People hire Panera for group space and bagel spreads. That’s the JTBD. That’s the differentiation.

Being different is easier—though not easy—because it offers many directions. If a business competes on price, that’s it. If a business finds a new JTBD they might have that market all to themselves, temporarily.

Is Jack Reacher a Bayesian?

We’ve covered why Jack Reacher would be a good financial advisor. In A Wanted Man, Reacher once again proves his mettle. To set the scene, we’ve got two bad guys (we think) on the run from our two heroes (we think). It’s rural Iowa and Reacher and Hero Two need to figure out which way the troublemakers fled.

Reacher, a man of action, says they have to act fast.

“Now? They could be in a million different places.”

“So it’s time to gamble. Before I get taken off this thing. Or supervised. One or the other is sure to happen first thing in the morning. That’s what maximum effort means. So suppose the two guys are still on the road?”

“But which road? There are a million roads.”

“Suppose they stayed on the Interstate?”

“Would they?”

“They’re probably not local. They’re probably running home right now, which could be a big distance.”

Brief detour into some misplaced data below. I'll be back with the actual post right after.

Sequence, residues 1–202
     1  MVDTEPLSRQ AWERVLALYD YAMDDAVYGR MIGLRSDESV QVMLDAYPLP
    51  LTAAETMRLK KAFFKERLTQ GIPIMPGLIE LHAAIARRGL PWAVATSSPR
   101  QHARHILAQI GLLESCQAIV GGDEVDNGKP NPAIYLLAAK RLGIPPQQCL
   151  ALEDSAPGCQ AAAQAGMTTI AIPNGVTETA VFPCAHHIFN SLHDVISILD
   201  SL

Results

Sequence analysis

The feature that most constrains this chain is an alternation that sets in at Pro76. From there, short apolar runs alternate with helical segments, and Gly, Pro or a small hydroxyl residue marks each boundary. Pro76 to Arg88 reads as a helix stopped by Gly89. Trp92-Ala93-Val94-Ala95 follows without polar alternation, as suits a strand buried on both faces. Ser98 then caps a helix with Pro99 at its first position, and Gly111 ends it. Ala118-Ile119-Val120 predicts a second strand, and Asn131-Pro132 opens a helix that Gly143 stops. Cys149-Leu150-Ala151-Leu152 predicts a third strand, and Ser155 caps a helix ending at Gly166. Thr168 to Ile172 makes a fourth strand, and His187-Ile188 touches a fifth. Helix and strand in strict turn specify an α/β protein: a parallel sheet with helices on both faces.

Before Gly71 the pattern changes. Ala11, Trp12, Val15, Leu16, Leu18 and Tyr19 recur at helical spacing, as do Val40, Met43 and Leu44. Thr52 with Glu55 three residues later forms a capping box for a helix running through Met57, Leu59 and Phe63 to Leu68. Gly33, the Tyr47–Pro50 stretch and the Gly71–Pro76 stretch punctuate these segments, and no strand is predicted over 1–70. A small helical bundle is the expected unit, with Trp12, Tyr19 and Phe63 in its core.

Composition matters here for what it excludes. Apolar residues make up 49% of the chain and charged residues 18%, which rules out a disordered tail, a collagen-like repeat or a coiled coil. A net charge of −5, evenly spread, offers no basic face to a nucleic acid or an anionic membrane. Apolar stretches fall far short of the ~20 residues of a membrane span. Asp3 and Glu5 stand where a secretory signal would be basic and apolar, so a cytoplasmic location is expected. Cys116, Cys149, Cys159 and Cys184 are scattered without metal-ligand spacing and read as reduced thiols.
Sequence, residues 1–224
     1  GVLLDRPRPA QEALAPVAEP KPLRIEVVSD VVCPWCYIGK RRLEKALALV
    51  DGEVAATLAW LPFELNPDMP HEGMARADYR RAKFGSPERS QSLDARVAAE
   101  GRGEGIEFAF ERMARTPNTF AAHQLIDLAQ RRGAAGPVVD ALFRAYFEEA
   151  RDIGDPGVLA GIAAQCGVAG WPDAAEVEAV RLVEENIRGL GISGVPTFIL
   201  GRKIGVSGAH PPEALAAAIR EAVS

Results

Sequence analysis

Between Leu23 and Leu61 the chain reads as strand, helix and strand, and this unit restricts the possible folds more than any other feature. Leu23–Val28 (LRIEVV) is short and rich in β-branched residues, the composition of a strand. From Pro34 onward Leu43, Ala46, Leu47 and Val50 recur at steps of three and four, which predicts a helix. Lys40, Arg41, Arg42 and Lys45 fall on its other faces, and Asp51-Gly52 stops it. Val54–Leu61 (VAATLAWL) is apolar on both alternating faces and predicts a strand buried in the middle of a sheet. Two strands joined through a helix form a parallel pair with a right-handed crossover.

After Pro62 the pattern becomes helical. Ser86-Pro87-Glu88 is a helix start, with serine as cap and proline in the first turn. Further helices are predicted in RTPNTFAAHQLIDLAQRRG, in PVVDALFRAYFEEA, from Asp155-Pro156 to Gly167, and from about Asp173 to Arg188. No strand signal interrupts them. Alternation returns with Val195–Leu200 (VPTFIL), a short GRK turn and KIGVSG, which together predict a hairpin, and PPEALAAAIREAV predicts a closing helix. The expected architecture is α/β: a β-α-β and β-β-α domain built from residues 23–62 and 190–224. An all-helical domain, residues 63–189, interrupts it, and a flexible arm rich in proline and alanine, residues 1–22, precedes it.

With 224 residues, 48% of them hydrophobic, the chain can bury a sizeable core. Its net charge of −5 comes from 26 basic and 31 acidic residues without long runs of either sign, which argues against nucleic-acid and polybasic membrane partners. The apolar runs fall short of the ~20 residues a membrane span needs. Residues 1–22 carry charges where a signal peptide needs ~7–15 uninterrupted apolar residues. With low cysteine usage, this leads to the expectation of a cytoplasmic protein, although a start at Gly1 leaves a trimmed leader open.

“In which direction?”

“Either one.”

“You said they might be traveling separately.”

“It’s a possibility, but a small one. Statistics show most paired perpetrators stick together after the commission of a serious crime. Human nature. They don’t necessarily trust each other to deal with the aftermath.”

“Statistics?”

“We find them to be a useful guide.”

Part-of-what-makes the Reacher books so popular is his fists the size of supermarket chickens. Part is his modern day sleuthing. Reacher is curious and he notices things. If he took the stairs at 22B Baker Street—two at a time, of course—he’d know how many there were. Part of the reason is Reacher’s knowledge of base rates.

Julia Galef explained Bayesian thinking this ways: “It’s important to pay attention to these snowflakes of evidence that maybe weigh very little on their own but if you pay attention to them and notice how they accumulate, their collective weight becomes enough to break a tree branch.”

Median and Average Meanings

There’s a story about Bill Gates’s wealth and height you’ve probably heard. If not, let’s quickly share it here. If Gates were to walk into a room of you and twenty-five friends, the difference in average height and median height would be small.

However, the difference in average income and median income would be large. Gates’s wealth raises the mean because it’s relatively ginormous. Even in a room of millionaires, Gate’s presence changes the average from one-million to four-billion. That’s a lot.

This story is helpful to keep in mind because averages hide nuances.

In 2016, the average student loan debt was $37,000. However, the median figure was $17,000 and one-fourth of all borrowers owed less than $7,000. Part-of-the-reason the average is so far from the median is because of graduate school, one-in-four post-graduation debt-holders had more than one-hundred thousand dollars in debt. My wife attended medical school, and I can attest to the amount.